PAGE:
Sunday, May 15, 2011

Books vs. eBooks

Well, I think I've turned a corner.  This past week I had the opportunity to pick up a free book from one of my favorite authors/speakers and I could have had it signed, but I turned it down.  I already had it on Kindle and I just didn't want to carry the book home and didn't feel I needed another copy.

I've collected great books for years and I have a wall of them at home.  I recently did buy a hardcopy of an ebook I read and loved, but in this case I just didn't want another one.

EBooks are just too convenient, they weigh nothing, you can keep hundreds with you, you can search them and frankly they are just better than heavy, expensive books on a bookshelf.

Times are changing.   What do you think?

4 comments:

  1. Mark,

    I agree to an extent. Last year when I was moving, I took almost a truck load of books to the library for donation. I resolved at that time to no longer buy hardcopies, and exclusively rely on eBooks and books borrowed from the libraries. And now a year later, I have inevitably collected another couple of boxes of hardcopies. But in my defense I will say that most of these are rare manuscripts from the early 1900. And even though Google has digitized a lot of these rare books, and made them available as PDF for free download, it is just not the same as owning a hardcopy of a rare manuscript still in its dust jacket or slipcase :-)

    Saqib
    Post Scriptum: Following is an interesting blogpost about eBooks by Dennis Barron, professor of English at UofI:
    http://illinois.edu/db/view/25/46504

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  2. I was just thinking about that last night. What will "books" mean to the generation that's born today? We have lots of bookshelves in our house will that just be to keep for sentimental value these old relics?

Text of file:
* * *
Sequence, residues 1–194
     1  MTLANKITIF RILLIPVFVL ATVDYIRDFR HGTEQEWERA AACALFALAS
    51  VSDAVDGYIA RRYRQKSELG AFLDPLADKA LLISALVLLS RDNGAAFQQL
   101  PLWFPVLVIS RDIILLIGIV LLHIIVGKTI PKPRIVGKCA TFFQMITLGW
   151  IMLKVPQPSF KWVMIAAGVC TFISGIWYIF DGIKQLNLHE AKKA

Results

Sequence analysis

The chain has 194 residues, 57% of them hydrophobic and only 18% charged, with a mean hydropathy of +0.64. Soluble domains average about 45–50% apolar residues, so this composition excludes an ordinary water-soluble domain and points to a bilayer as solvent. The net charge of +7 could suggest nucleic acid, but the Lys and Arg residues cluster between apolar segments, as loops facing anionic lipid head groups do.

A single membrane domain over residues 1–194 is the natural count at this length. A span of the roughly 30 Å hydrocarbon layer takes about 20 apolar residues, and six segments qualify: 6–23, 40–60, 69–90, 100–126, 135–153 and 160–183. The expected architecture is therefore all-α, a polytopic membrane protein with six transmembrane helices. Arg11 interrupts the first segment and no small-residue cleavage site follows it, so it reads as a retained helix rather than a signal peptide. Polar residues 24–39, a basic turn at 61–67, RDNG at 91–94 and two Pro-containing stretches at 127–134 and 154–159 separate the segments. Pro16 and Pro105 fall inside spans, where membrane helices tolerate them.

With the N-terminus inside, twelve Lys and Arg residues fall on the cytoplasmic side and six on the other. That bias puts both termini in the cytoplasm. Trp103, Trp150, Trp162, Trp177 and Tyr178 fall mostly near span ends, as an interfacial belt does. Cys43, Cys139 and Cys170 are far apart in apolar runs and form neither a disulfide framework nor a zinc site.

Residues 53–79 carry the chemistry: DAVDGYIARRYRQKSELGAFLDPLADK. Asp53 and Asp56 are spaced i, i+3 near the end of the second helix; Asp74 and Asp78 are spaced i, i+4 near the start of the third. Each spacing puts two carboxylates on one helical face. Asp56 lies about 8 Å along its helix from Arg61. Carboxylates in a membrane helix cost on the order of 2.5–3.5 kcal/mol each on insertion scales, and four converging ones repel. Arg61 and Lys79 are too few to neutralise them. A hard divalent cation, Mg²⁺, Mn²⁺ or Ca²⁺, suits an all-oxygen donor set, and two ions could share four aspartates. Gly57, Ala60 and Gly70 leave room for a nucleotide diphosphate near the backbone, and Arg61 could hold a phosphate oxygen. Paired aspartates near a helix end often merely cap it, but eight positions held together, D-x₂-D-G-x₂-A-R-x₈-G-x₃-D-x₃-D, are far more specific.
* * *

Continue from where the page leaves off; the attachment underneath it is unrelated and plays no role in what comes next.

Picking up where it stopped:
A real Change and not just from a storage perspective either but soon the cost of the book won't be an issue for anyone. As the marginal cost of the book goes to zero the price won't be far behind. Read any book you want for almost zero dollars, anytime, anywhere, on a whim or as a part of a study. Compare this to a couple of hundred years ago where only the affluent could afford a book or two per year.

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  3. Interesting post Saqib. I hadn't thought about the renting vs owning point but I had heard about the 1984 event and about the library discussions. Thanks for sharing.

    Phil, you are right about how fortunate we are to have so much access to great content.

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  4. Totally agree. I've made the switch, which was hard, but now resent having to carry, shelve, and read paper books. Fascinating.

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